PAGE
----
Research from Greg Jefferis’s group in the LMB’s Neurobiology Division has uncovered a biological switch that determines which part of the fruit fly’s brain responds to pheromones, depending on whether the fruit fly is male or female. Previous studies have identified differences in brain structure between the sexes but this study, published in Cell, is the first description in any animal of a specific change in nerve cell wiring that reroutes information between male and female brains. Sex pheromones are chemicals that allow male and female animals to communicate by smell. In some cases it is known that exactly the same pheromone molecule can produce distinct behavioural responses in both males and females. Since both sexes respond to the molecule, there appears to be a difference in brain perception rather than sensory detection. For example in fruit flies, a male sex pheromone called cVA can stimulate females to mate with a male, while repelling other males at the same time. Greg’s group have been investigating exactly how the processing of this pheromone differs between male and female brains.
Jonny Kohl, Aaron Ostrovsky and Shahar Frechter from Greg’s lab first identified and labelled two groups of nerve cells inside the fly brain that respond to pheromones using a green fluorescent protein. One group of nerve cells responded to pheromone only in male brains, while the second group responded only in females. This difference in response depended on a changeover switch that rerouted incoming pheromone information to different groups of olfactory neurons in male and female flies.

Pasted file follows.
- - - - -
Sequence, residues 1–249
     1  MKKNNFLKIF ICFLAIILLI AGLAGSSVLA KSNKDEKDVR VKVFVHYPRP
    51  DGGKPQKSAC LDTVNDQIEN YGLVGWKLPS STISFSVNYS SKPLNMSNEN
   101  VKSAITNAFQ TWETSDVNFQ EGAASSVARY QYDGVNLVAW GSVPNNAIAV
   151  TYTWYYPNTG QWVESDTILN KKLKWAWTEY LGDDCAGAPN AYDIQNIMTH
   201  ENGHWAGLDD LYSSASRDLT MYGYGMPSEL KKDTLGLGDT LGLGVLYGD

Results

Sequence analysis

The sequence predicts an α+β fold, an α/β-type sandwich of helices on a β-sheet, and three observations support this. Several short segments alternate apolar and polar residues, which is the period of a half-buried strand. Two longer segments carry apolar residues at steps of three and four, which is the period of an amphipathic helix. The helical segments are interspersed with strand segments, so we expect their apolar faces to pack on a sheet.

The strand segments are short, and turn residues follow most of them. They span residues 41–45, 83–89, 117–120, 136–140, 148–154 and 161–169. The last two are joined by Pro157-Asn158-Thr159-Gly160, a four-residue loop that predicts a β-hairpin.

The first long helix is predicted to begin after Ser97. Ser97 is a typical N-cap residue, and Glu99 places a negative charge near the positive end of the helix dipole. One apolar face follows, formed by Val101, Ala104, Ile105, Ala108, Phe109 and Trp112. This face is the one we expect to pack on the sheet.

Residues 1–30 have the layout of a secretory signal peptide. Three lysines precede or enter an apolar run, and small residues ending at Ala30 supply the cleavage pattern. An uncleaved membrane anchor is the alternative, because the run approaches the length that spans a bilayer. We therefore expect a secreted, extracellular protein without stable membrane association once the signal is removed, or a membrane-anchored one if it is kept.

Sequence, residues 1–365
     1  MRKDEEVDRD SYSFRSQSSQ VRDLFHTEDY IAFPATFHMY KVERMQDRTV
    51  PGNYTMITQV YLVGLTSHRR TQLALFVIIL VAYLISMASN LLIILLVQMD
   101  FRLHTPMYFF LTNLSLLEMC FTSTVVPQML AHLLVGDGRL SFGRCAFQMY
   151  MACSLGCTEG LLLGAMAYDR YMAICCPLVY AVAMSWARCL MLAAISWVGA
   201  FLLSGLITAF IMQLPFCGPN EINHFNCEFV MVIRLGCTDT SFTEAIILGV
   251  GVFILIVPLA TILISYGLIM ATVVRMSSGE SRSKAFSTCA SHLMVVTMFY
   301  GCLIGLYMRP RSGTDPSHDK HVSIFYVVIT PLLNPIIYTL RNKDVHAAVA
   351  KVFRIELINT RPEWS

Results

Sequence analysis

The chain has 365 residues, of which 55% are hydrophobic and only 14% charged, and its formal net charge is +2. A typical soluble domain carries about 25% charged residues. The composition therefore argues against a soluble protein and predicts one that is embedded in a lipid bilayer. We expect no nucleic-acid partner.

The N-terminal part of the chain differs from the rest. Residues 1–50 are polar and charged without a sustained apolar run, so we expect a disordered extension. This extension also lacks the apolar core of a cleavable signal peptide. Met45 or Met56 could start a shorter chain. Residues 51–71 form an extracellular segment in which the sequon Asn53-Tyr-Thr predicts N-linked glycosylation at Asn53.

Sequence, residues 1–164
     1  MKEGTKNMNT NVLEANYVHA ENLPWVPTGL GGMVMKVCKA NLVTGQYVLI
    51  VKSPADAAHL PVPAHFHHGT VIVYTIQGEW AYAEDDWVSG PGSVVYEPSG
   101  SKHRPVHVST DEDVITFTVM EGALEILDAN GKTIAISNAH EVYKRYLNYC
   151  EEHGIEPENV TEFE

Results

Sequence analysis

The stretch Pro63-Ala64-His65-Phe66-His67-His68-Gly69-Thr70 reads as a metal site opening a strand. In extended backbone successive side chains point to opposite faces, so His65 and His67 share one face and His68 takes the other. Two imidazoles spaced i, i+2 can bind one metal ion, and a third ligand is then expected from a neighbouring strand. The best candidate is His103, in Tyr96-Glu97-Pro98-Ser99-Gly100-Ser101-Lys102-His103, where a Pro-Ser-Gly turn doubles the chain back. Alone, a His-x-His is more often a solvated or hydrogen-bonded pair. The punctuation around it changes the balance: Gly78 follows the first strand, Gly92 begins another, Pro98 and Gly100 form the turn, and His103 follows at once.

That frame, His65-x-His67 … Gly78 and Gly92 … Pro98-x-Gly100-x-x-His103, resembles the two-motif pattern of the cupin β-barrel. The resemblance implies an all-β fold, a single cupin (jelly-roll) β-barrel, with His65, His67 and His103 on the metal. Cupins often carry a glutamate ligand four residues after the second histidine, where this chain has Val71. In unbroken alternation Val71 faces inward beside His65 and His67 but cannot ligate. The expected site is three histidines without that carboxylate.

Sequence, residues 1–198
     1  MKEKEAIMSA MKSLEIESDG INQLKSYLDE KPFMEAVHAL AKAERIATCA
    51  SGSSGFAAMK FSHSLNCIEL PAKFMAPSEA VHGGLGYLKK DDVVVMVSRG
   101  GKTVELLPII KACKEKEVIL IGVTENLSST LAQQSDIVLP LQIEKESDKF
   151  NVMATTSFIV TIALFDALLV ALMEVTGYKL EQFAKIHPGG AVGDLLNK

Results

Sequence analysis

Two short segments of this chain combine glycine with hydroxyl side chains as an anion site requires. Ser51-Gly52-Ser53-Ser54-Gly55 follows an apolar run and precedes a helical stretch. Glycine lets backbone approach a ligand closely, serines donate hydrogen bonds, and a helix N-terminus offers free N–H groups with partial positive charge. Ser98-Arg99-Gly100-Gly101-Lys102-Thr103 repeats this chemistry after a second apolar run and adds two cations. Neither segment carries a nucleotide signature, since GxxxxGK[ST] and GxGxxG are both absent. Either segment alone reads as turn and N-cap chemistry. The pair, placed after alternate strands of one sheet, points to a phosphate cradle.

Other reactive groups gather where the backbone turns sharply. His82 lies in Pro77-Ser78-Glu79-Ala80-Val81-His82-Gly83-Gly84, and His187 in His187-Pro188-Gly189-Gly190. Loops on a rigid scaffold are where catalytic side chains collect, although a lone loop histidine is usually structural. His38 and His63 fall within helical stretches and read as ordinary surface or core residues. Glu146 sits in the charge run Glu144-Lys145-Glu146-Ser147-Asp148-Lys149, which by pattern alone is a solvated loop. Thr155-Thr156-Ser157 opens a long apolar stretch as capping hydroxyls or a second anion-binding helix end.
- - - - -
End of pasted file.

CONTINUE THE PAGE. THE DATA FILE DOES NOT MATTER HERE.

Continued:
Further experiments showed that this switch is set by the action of a control gene, called fruitless. Genetic manipulations allowed them to make a small number of nerve cells male in an otherwise female brain; this helped to pin point the exact location in the brain and the gene controlling the switch. The fruitless gene had previously been shown to control fruit flies’ sexual behaviour but exactly how it could achieve this through changes in brain wiring was unknown.
One of the biggest challenges in biology today is to understand how the pattern of connections between individual nerve cells allows the brain to process and store information and respond to the outside world. Looking at the differences between the male and female brains of a species is one powerful approach to study the relationships between brain wiring and behaviour. Until now it has proven very difficult to identify specific and reproducible differences in brain wiring and understand how they could alter the flow of information between male and female brains. This research has now shown how this occurs in flies. Sex differences in brain structure and behaviour have been documented in organisms from worms to humans. This study suggests a general mechanism by which males and females could perceive or interpret the same stimulus, such as smell, differently. The same form of genetic regulation of wiring might also be at the origin of behavioural differences across species.
This work was supported by the Medical Research Council, European Research Council, and an EMBO Post-doctoral Fellowship.